When Will There Be Good News? is the third book in Kate Atkinson's series featuring Jackson Brodie. It was the first one I read, however, and you shouldn't let it stop you if you're thinking about making this the first one you'll read, too. In fact, Jackson Brodie seems more like a peripheral character in this novel, with most of the action being linked together by a sixteen-year-old girl named Reggie Chase. Reggie's mom has recently died, her brother is a small-time criminal, and Reggie is left more or less to fend for herself. To support herself, she works as the nanny for Dr. Joanna Hunter's infant son, and although she has dropped out of school, she is still being tutored for her exams by an eccentric former teacher named Ms. MacDonald.
The action of the story is kicked off when a police officer visits Dr. Hunter to let her know that the man who murdered her mother, brother, and sister--an attack which Joanna was the only one to survive--thirty years ago is about to be let out of prison. The next day, the police are back at the Hunters' house, but this time it's to talk to Joanna Hunter's husband. One of his businesses has burnt down, and the police suspect that Neil Hunter may have torched the place for insurance money. Days later, Dr. Hunter and her baby son disappear. Her husband says she went to visit a sick aunt, but Reggie is suspicious because Dr. Hunter didn't tell her she was going away, her car is still in the garage, and she's not answering her phone. But does Dr. Hunter's disappearance have to do with the murderer being released from prison, or could it be another insurance fraud scheme of Mr. Hunter's?
Right after Dr. Hunter disappears, Reggie is studying at Ms. MacDonald's when a train derails just behind the house. She runs outside and ends up saving the life of Jackson Brodie, who was on the train. Upon learning that he's a private detective and former cop, she tells him about her suspicions about Dr. Hunter's disappearance. Jackson is reluctant to look into it at first, assuming that Reggie is overreacting, but when circumstances conspire to keep throwing them together, he is gradually brought around to her way of thinking.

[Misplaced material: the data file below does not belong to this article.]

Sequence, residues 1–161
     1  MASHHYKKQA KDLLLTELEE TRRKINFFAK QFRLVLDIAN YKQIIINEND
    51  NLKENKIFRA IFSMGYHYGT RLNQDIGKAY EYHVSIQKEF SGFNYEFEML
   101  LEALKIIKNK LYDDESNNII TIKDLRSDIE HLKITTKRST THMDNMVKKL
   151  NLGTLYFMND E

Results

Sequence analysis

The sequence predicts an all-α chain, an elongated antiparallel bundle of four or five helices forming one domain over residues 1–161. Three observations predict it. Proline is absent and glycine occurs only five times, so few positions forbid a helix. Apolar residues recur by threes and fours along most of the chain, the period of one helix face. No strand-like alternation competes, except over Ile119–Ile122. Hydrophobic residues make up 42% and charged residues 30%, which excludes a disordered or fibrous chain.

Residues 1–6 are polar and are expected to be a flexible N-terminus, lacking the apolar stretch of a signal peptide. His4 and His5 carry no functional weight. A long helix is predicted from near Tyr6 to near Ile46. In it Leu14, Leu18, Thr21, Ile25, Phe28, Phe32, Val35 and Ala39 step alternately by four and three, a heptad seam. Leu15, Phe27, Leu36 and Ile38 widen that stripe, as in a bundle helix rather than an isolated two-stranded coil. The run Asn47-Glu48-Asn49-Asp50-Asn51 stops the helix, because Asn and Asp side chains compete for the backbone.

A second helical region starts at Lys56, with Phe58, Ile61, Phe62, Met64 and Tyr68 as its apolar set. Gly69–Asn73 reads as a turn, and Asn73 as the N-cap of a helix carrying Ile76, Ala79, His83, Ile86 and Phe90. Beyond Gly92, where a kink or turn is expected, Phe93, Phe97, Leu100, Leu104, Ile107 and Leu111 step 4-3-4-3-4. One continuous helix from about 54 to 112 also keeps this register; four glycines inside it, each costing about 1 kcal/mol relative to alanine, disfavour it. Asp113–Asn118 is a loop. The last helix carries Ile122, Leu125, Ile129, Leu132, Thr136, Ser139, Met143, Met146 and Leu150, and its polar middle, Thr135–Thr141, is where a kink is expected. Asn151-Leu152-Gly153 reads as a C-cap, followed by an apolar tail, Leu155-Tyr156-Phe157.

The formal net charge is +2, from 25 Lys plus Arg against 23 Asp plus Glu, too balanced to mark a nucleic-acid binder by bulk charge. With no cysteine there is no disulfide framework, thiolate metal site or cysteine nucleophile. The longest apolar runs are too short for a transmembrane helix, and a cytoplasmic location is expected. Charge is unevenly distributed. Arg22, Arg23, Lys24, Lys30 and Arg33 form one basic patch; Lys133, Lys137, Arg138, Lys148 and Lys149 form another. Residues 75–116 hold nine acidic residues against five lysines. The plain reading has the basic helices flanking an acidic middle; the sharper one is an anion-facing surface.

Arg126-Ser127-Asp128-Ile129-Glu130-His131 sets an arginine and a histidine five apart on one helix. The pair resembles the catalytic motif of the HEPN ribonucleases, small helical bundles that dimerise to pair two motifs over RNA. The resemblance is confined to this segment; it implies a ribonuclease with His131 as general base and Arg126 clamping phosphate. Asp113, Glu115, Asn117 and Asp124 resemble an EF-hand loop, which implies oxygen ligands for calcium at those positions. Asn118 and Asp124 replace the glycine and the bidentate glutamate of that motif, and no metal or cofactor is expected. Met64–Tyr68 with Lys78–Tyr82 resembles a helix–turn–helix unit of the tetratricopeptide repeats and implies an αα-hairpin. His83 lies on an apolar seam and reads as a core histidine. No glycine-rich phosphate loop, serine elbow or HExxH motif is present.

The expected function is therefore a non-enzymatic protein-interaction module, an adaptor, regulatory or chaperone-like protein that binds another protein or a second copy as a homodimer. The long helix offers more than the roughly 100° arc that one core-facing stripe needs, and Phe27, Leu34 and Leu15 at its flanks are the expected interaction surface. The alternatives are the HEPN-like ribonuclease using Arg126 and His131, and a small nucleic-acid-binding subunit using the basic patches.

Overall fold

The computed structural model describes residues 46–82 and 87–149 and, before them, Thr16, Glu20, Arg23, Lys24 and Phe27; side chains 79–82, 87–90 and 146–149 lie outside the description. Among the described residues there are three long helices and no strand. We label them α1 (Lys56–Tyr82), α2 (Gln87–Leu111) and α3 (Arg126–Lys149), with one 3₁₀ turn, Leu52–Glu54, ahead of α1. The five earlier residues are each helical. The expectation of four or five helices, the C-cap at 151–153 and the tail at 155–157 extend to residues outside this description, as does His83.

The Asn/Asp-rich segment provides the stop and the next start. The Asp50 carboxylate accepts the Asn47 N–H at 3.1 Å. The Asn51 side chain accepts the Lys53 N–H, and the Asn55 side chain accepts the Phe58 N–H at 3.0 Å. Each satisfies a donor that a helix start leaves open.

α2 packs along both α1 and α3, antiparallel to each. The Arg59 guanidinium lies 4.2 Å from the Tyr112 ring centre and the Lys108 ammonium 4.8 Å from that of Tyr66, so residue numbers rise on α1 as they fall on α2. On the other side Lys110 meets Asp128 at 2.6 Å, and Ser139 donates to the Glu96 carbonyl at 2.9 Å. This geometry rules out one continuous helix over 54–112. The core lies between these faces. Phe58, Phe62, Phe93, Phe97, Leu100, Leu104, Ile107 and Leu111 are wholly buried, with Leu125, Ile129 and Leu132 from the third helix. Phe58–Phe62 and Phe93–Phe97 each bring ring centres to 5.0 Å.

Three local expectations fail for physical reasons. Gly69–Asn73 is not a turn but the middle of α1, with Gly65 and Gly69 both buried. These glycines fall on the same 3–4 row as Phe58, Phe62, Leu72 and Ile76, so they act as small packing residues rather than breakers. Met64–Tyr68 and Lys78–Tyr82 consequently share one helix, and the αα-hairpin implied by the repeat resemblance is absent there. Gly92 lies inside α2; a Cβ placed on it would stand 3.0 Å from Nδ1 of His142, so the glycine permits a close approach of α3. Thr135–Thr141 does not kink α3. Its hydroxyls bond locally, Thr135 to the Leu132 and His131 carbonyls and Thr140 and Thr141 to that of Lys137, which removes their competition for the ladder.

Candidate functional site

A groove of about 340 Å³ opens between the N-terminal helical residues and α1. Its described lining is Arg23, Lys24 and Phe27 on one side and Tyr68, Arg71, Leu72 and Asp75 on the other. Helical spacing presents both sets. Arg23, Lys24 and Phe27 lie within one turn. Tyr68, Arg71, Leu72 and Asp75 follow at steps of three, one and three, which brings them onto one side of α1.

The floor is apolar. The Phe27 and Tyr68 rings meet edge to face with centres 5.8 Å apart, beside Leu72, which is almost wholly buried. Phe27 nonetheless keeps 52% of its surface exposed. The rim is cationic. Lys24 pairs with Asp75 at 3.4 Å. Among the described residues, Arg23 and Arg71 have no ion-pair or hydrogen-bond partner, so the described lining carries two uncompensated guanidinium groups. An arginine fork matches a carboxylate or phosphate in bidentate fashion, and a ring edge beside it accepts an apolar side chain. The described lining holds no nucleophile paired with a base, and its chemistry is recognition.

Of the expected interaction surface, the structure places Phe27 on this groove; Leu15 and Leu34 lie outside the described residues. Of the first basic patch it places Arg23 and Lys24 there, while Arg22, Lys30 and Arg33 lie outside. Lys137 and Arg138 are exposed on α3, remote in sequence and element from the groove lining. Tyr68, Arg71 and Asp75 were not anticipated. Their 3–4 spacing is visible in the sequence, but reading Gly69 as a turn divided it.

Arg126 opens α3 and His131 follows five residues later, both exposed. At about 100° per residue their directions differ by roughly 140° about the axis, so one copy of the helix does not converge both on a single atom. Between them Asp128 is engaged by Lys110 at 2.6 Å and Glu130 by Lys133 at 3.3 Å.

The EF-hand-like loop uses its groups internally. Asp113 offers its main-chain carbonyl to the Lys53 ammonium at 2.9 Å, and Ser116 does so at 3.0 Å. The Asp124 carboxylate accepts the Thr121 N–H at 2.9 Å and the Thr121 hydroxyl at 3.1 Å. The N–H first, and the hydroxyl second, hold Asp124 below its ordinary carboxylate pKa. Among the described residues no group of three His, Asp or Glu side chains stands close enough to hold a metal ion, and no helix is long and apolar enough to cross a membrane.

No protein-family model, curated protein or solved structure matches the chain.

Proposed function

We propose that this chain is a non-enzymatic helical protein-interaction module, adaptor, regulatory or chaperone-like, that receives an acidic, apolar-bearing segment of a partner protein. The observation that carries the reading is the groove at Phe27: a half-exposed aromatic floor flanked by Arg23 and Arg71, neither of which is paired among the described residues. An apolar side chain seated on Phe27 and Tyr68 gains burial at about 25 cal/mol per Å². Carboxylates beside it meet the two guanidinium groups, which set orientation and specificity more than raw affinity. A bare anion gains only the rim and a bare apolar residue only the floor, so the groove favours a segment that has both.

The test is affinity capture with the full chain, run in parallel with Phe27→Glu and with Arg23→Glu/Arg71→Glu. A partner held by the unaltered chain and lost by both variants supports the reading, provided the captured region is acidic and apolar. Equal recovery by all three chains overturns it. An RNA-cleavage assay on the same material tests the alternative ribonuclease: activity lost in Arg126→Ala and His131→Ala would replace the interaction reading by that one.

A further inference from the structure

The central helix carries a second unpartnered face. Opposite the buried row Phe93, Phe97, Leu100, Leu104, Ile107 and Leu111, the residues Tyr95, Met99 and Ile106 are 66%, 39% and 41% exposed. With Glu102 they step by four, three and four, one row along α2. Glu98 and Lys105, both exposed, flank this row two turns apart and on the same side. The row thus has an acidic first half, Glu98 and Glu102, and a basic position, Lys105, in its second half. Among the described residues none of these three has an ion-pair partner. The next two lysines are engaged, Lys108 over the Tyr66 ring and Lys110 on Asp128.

Eventually the murder of Dr. Hunter's family, her disappearance, and the train wreck all come together in ways that are interesting and unexpected, and provide a satisfying end to the story. Kate Atkinson's mysteries are known for being more literary than action-packed, and there is indeed a proliferation of characters and subplots, to the extant that it's sometimes a struggle to identify what is the main plot, and who is the main character. The pace is deliberate, which in the opinion of others may be an indication that the story is bogged down by too big a cast, and too many side stories. Atkinson has been criticized for relying too heavily on coincidences to bring all the threads together, but personally I found the way she brought the many plot threads together to be surprising and thought-provoking.
Fans of Jackson Brodie will, of course, want to start at the beginning with Case Histories and One Good Turn. Atkinson has also written the fabulous, multi-layered historical novel Life after Life, which I consider to be a must-read. Ruth Rendell and Tana French also write character-driven mysteries that might hit the sweet spot for fans of Atkinson's Brodie mysteries.